“É covardia levar esse tema para o debate eleitoral. Nunca se levantou este assunto em uma séria discussão democrática em que todos pudessem se expressar, especialmente as vítimas. Em vez disso, eles levantam o tema no calor do momento eleitoral para derrubar o seu adversário de forma antidemocrática,” diz Cristóvão Feil, sociólogo e editor do blog Dario Gauche há quatro anos.

A mídia entrou na questão e criticou fortemente o posicionamento brando da Dilma, enfraquecendo a sua liderança nas pesquisas.

Em 10 de outubro, O Globo, o jornal do maior canal de televisão brasileiro, publicou a manchete: “O aborto ilegal mata uma mulher a cada dois dias.” Apenas no final do artigo, em uma das páginas de trás o artigo menciona que a maioria dessas mortes se referem a mulheres pobres que não têm outra opção que não se submeter a procedimentos perigosos em clínicas clandestinas – um problema que poderia ser solucionado tratando-se o aborto como um problema de saúde pública como muitos já solicitaram, inclusive o presidente Luis Inacio “Lula” da Silva e Maria Jose Rosado Nunes, coordenador da ONG Católicos pelo direito de Decisão. (1)

Doze páginas no mesmo jornal, outra manchete que diz: “Lula admite: a disputa está mais difícil”. À mesma se seguiu um artigo tão longo quanto intitulado: “Líderes de Estado serão o Triunfo de Serra”.

“A mídia está basicamente fazendo campanha para o candidato [Serra]”, diz Jefferson Pinheiro essa semana, membro do coletivo de mídia local, que já tem seis anos, Catarse, em Porto Alegre.

“Muitas vezes eles ignoram completamente as éticas jornalísticas, manipulam abertamente, omitem informações. E, embora nós já esperássemos isso da mídia, o que já é desencorajador, nesta eleição, em especial, eles ultrapassaram todos os limites.”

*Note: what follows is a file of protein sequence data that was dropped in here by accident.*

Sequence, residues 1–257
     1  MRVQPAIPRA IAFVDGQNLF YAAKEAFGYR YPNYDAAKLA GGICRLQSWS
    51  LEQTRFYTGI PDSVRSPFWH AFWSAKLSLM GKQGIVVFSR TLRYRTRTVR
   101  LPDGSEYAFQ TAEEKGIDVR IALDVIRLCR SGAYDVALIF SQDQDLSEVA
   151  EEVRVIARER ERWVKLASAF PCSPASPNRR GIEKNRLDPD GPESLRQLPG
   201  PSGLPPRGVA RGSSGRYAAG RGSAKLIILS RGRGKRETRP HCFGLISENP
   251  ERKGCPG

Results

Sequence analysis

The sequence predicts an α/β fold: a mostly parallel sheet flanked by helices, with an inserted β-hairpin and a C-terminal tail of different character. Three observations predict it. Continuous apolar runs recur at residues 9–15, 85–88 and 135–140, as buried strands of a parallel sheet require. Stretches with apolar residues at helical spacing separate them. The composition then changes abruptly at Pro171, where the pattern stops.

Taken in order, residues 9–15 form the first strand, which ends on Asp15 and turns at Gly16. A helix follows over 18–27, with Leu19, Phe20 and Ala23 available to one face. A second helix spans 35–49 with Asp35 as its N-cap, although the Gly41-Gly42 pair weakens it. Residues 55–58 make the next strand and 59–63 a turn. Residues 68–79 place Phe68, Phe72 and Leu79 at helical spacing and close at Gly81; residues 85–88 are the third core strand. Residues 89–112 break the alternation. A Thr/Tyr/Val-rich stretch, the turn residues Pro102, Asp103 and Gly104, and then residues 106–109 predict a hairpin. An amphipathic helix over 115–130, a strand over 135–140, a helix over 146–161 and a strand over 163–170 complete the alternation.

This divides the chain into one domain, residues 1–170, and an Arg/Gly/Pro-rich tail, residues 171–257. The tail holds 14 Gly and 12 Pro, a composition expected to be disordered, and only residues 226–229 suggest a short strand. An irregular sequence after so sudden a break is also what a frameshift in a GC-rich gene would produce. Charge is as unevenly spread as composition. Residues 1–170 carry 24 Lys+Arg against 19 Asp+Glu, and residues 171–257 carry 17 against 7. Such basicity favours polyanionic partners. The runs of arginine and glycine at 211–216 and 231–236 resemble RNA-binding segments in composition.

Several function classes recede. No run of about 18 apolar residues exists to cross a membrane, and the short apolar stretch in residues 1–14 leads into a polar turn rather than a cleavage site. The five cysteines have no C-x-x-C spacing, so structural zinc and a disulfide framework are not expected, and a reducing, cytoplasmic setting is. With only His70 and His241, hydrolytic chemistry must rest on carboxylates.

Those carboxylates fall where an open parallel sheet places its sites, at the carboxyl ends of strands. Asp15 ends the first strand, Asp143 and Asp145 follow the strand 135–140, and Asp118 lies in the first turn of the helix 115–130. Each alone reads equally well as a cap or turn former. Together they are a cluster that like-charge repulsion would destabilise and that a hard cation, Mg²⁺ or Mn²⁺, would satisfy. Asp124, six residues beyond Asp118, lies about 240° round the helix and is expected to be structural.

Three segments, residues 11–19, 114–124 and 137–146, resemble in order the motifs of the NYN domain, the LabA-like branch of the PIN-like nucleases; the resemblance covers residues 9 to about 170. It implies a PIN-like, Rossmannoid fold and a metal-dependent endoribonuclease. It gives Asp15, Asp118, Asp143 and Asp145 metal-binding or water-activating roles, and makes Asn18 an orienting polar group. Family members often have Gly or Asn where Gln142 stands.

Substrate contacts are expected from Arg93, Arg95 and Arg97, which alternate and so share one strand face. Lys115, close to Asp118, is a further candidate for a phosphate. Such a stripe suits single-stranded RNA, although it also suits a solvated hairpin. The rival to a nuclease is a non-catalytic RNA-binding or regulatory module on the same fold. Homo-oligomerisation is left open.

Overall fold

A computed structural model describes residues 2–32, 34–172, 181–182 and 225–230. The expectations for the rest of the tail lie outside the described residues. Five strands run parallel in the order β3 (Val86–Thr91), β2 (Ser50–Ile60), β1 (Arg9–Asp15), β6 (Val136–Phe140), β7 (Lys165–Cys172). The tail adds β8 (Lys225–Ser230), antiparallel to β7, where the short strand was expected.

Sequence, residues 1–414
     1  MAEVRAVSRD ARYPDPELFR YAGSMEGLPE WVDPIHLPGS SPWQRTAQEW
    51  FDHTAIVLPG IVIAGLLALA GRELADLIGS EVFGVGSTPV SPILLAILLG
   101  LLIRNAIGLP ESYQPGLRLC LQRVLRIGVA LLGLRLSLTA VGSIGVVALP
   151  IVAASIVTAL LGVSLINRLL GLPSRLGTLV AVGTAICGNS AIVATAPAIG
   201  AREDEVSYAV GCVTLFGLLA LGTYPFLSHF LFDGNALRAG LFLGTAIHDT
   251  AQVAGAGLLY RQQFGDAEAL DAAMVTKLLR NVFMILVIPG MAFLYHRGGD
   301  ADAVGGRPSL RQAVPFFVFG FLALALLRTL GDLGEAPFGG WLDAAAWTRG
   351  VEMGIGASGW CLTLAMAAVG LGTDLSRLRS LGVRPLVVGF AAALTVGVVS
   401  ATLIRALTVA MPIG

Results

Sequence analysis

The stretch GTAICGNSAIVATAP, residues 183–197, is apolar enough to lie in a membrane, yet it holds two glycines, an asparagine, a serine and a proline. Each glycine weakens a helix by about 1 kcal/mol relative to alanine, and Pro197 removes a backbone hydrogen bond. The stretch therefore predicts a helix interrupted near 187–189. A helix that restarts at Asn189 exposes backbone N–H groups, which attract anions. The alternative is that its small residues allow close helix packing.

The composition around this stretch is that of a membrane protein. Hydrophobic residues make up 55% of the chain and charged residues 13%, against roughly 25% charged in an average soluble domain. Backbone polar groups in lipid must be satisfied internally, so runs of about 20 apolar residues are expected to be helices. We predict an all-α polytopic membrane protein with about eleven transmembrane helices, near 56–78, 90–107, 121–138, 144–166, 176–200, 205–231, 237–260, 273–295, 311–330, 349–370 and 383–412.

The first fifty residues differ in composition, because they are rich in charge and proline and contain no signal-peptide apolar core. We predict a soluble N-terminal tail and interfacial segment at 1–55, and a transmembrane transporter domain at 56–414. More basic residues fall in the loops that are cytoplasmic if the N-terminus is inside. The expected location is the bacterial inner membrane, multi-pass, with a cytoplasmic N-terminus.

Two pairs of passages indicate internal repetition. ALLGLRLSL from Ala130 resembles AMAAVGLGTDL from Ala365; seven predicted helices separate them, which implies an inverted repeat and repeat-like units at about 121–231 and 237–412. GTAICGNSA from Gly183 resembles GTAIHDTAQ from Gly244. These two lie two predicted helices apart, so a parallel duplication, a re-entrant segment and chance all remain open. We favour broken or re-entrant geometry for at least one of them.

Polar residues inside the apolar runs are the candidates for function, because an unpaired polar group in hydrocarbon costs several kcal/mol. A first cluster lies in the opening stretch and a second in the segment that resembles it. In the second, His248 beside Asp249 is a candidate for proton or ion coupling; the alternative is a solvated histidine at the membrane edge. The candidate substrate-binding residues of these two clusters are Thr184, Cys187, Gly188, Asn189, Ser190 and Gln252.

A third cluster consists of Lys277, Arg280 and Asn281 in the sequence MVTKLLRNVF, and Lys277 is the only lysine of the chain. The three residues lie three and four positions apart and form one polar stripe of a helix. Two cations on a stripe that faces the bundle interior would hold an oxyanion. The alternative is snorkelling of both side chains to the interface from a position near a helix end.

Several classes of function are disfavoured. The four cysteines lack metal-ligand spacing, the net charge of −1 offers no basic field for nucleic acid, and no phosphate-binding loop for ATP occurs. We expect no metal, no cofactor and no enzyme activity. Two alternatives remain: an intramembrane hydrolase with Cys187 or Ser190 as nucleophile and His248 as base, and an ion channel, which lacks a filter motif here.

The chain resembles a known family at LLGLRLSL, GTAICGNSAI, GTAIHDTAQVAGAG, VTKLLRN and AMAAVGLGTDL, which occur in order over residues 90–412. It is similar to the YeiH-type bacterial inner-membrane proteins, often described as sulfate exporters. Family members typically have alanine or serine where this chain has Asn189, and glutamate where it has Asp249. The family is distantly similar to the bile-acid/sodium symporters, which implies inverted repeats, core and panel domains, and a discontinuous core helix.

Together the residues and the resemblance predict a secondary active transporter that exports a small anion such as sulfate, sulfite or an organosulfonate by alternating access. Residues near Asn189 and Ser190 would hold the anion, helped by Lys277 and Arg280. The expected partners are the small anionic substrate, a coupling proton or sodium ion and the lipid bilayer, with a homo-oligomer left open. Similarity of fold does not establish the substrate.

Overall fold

A mídia cobriu amplamente a esposa de José Serra, Monica, que acusou a Dilma de ser a favor da “matança de bebês” enquanto fazia campanha com o candidato a vice-presidente do seu marido, Indio da Costa (DEM), no estado do Rio de Janeiro, em setembro. (2) Ironicamente, Monica levou inadvertidamente o vigor da mídia com relação ao tema do aborto a um fim abrupto em meados de outubro, quando vazou a informação de que ela mesmo teve um aborto. (3)

Quando parecia que os candidatos chegariam a um debate real, saiu a notícia, em outubro, de que José Serra foi atingido por um projétil durante a sua campanha no Rio de Janeiro. Serra tirou folga pela manhã e culpou os violentos apoiadores da Dilma. A rede de televisão do Rio, a Globo, rapidamente editou um vídeo mostrando o ataque. No fim das contas, o objeto era uma bola de papel. Bloguistas ridicularizaram o exagero da mídia. Até mesmo empregados da Globo de São Paulo expressaram a sua vergonha em serem associados à produção.

Na mídia impressa, a Folha de São Paulo foi exposta por publicar fichas criminais falsas da Dilma Rousseff, e outros jornais publicaram histórias do seu envolvimento alegado em seqüestros enquanto lutava contra a ditadura brasileira. Durante toda a campanha, a revista de direita Veja publicou semanalmente histórias ligando Dilma a escândalos de corrupção e mostrando o seu partido como uma besta faminta por poder.

“As matérias de capa da revista Veja, por exemplo, uma após a outra são criminais. O que eles estão fazendo de fato encosta no criminal, pois são desinformações, informações fora de contexto, mentiras muitas vezes, e eles sem dúvida influenciarão o voto de muitas pessoas”, diz Pinheiro.

Pouco após o primeiro turno das eleições deste ano, membros de movimentos sociais, sindicatos, e mídia independente do Brasil protestaram, em São Paulo, contra o que eles chamaram de golpe de mídia em andamento. O presidente cessante Lula da Silva reiterou na semana passada que a mídia brasileira está nas mãos de 9-10 famílias.